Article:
Although the game was not intentionally designed to refresh memories of the 1979 eruption, it is not a completely unexpected ‘side-effect’. Video games are well known for invoking behavioral changes and emotions – some of you may be familiar with the debate on video games and violence.

The 1979 eruption was a major event in the lives of people on the island that saw a disruption to their routine for months in the aftermath. Further, it is often talked about in informal conversation, used as a marker in time and brought into the frame annually through outreach activities with communities across the island. Research suggests that a strong emotive experience, such as the 1979 eruption, supports memory encoding thus leading to the events becoming more memorable (LaBar & Cabeza, 2006; Howard-Jones et al, 2015). This simply means, the more emotive a situation you experience, (e.g. extreme happiness on your wedding day) the clearer, more accurate memory you have of the event.

In practice, this could mean that many of the islands residents, particularly those living close to La Soufriere at the time, may have very strong memories of the 1979 eruption and a good memory recall of the events. It might not seem surprising then that when provoked with realistic-looking visualisations reconstructing the eruption (especially when based on observations and accounts from the time), some of the participants express an emotional response and resurface vivid memories of these events.

However, this slightly unexpected outcome of the game, invoking strong memories of the 1979 event, means that a new use of the game could be exploited – the preservation of cultural heritage. This is something that, in the coming months, will be interesting to look at deeper but for now is an exciting prospect and potentially important in the design of future iterations of the game.

SVG Fieldwork March – May 2015

Freshly back from my recent field campaign in St. Vincent, I’ve been eagerly sifting through my mounds of data, hours of footage and folders of photographs. I had intended to keep a good blog record of my fieldwork throughout, however, that might have been somewhat ambitious. However, I still wanted to share what I got up to during my time on St. Vincent and some of the superb activities I was involved with.

As many of you know, over the last year  as part of my PhD research, I have developed a new interactive computer game to be used in volcanic hazard education and outreach for the Eastern Caribbean island of St. Vincent. After a hectic year and final few weeks of tweaking and testing, I headed out to St. Vincent in late March to begin game trials. First thing to do was to met with key members of the National Emergency Management Organisation (NEMO), who run a lot of the volcano education sessions on St. Vincent, to talk to them about the game and my intentions over the coming weeks. They seemed to be pleased with the game and excited to see how successful a tool like this could be which was a great start.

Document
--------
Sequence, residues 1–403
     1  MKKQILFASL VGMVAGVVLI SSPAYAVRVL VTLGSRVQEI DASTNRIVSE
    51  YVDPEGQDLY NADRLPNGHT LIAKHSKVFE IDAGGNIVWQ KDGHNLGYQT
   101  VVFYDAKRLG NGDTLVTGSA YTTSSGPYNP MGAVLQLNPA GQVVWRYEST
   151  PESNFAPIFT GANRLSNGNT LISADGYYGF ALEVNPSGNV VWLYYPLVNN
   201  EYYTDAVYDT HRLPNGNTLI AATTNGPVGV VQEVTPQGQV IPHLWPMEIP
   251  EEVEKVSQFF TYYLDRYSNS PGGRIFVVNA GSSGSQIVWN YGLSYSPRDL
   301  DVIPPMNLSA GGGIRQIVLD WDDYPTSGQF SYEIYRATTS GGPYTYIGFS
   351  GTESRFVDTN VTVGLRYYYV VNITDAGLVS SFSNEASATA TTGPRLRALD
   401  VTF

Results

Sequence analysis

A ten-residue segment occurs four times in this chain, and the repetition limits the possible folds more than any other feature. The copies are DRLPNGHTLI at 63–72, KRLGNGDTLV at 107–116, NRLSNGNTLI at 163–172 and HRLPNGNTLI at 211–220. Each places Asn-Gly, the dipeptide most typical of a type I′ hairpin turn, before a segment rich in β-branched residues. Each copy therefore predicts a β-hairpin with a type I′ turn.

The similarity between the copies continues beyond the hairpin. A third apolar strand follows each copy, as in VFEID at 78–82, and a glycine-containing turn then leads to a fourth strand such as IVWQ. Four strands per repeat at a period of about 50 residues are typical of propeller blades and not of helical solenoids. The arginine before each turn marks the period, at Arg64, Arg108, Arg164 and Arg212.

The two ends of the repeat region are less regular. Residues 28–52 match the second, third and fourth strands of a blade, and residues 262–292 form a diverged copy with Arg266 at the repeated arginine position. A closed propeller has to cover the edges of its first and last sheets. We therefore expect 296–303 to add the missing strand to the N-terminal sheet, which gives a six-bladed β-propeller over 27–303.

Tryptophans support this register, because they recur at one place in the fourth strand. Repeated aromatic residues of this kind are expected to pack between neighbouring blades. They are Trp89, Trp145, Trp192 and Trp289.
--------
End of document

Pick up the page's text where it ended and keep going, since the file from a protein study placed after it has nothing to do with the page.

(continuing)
Over the initial few weeks, I arranged community sessions with adults across the island, particularly targetting ‘Red Zone’ residents. The ‘Red Zone’ refers to the volcanic hazard map produced for the island which identifies areas of the island which are most likely to be affected by volcanic hazards during a future volcanic eruption. Adult community sessions were run in Chateaubelair, Fancy and Georgetown with a later session also run in the Kingstown area.

Hazard Map

The Volcanic Hazard Map as visualised with the ‘St. Vincent’s Volcano’ computer game.

Volcano Awareness Week (VAW) – 20-24th April 2015.

During my field campaign, the annual Volcano Awareness Week activities were conducted across the island. The activities are organised by NEMO and run by The University of the West Indies, Seismic Research Centre (SRC) in collaboration with the Soufriere Monitoring Unit (SMU). This year I was lucky enough to join in with the activities and test out the game as we went. The weeks activities consist of an intensive schools education programme for both Primary and Secondary Schools, with over 1000 students taught throughout the week. This year the school focus was around the Kingstown area, which is within the ‘Green Zone’, to raise awareness about how Green does not mean safe. Even in the Green Zone they may experience heavy ash fall and of course, the influx of evacuees from the other, more at-risk locations.